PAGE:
SANJAY PURI: If you consider 40,000 or so were coming in at some point, there were almost 60,000 to 80,000 people coming in from India on the H1-B visas. So, you know, especially during the technology boom, you have a large number of people that have come in.

HUFF: But that’s about to change. On October 1, the total cap for H1-B visas will be reduced, from nearly 200,000 to about 65,000. And, the US Congress is considering several bills to end the H1-B visas program and related L-visa programs entirely.

US REPRESENTATIVE TOM TANCREDO: It’s a very simple bill. It says that essentially we don’t need this visa category anymore and we’re going to eliminate it.

HUFF: Representative Tom Tancredo, a Republican from Colorado, is sponsoring HR 2688, legislation to end the H1-B visa program. He says his bill is not about workers from India or any other nation—it’s about protecting jobs.

REPRESENTATIVE TANCREDO: Totally an economic issue. I have people in my neighborhood, you know, I have, there are literally thousands of my constituents that have been thrown out of work because they have been displaced by foreign workers who will work for less. That’s the bottom line, that’s the, that’s the way it has turned out.

HUFF: But experts say, if H1-B visas were banned American companies would be hurt. Maia Jachimowicz, of the Migration Policy Institute

MAIA JACHIMOWICZ: The argument in contrast to that is first of all that data shows that there aren’t sufficient numbers of employees with the skills necessary to fulfill these jobs in the US and so bringing in H1-B visa holders allows the business sector in the US to complete these jobs in our home country. The effect of eliminating the H1-B program is either to outsource or off-shore all the operations which in essence hurts the US economy.

HUFF: Sanjay Puri of US India Political Action Committee agrees. The U.S. economy needs workers from other countries, especially those with special skills

PURI: It’s like throwing the baby out with the bath water. There are people who have come in on H1-B visa program who are doing some mission critical work in this country, people who have become citizens and have built successful companies. I mean I can rattle off names after names—companies like Exodus and others. People like Sabil Parthia who started Hotmail and things of that nature. These are people who have produced some immense amount of technology, immense amount of jobs and we are, you know, we are a country that thrives on being the, attracting the best and brightest.

HUFF: Opponents argue that what jobs there are should go to Americans and that there’s no need to bring foreign workers into the US. Sanjay Puri supports programs like the H1-B visas. He admits that there are abuses of all government programs, but this is one that works.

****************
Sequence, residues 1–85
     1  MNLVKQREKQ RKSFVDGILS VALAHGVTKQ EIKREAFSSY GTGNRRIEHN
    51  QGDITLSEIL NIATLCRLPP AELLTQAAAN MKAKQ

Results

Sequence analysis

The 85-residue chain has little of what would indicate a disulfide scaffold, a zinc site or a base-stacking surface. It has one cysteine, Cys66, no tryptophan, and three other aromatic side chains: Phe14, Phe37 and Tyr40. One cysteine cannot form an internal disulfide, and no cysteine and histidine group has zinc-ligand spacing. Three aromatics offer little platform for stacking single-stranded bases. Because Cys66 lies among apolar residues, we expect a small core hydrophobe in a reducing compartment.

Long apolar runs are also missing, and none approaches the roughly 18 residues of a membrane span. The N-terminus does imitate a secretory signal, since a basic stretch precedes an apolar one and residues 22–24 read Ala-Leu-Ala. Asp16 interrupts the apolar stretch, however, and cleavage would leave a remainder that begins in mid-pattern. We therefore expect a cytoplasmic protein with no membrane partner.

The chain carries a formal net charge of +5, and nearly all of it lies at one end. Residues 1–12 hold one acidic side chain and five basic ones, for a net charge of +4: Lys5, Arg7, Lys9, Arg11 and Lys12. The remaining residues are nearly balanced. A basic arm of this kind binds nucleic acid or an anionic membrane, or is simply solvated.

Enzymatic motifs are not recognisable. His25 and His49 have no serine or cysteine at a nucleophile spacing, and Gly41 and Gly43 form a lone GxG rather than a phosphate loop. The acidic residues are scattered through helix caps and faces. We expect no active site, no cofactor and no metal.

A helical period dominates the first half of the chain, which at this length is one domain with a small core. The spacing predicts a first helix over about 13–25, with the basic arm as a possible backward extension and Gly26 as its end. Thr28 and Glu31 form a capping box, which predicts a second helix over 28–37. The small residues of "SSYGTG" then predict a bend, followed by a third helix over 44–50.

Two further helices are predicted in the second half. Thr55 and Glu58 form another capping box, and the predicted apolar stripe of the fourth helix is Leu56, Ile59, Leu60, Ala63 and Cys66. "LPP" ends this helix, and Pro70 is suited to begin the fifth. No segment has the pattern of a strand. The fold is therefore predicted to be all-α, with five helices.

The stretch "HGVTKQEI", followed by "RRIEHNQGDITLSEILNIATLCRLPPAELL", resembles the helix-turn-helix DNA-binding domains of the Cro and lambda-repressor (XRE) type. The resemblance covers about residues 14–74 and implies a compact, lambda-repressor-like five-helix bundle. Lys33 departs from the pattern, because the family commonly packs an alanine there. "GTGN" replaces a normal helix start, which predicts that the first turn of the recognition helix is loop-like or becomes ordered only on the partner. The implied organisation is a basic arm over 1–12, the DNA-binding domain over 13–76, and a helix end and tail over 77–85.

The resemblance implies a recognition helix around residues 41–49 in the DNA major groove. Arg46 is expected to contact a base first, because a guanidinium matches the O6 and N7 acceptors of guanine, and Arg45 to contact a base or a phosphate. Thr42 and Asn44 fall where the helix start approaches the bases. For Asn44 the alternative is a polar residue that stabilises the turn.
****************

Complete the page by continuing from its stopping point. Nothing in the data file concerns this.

PURI: Its all about the market. If there’s a requirement in the marketplace, the market is a self-correcting mechanism. If a company needs a skill, the H1-B visa has a requirement that you had to file a Labor Department’s approval that you have to pay market competitive salaries. It’s not, you just bring a person and pay whatever you want, but you have to pay a market competitive salaries. If you have a need for that skill and if you can prove that you have that need, then you should be able to bring that person so that you can keep doing your work that you need to get done. And obviously we want to make sure that it is not to replace, it is to supplement whatever shortages, fill the shortages that we have in this country.

HUFF: Immigration experts see challenges to the H1-B visa and related programs likely to come up again and again, but they also believe that the legislation to end the programs is unlikely to gain much traction, partly for the simple reason that America is a nation of immigrants. For Common Ground, I’m Priscilla Huff.

[Musical interlude]

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Peace Activist

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PORTER: A Middle East peacemaker believes the majority of Israelis and Palestinians are willing to peacefully live side by side. Reverend Elias Chacour is a Palestinian Christian. He tells Common Ground‘s Cliff Brockman that although Palestinian Christians are largely overlooked by the Western media they bring an added perspective to the peace process.

REVEREND ELIAS CHACOUR: Well, it’s true we are now a small minority. We are becoming more and more smaller minority because of the immigration of Palestinian Christians from Palestine/Israel. And that phenomenon of the immigration of Christians is coming also to all the Middle East. But very specially and more intensely so from Palestine/Israel because Palestinians find themselves always between two stools, between the fanatical Jewish group and the Muslim fanatical group who refuse Christianity. And Christians cannot bear any more to be without job, without education. They prefer to leave everything and go for the sake of the future of their children.

BROCKMAN: You’ve said peace does not need contemplators it needs actors. What do you mean by that?

CHACOUR: I mean it’s easy for peace, for people to sing the praise of peace, it’s beautiful, and to keep away from getting their hands dirty, from doing something to build peace. Peace in Hebrew, in Aramaic, and in Arabic has two roots. The one, shalem–pay and the other shalem-perfect. So in order to have perfection you need to pay, to pay your comfort, to pay your tranquility, to get disturbed, bothered, in order to build peace stone after stone, provided these stones be living stones, a Jew and a Palestinian. Peace cannot be given only from heaven if we don’t get ready to accept the peace of God. And we learn from our holy books, whether the Bible, the Koran, or the Gospel, that peace is a result, is a fruit of the quality of relation we have together, which we call commonly justice. And there is a minimal amount of justice that has to be practiced in order to dare hope for peace, which is not done now in the Holy Land.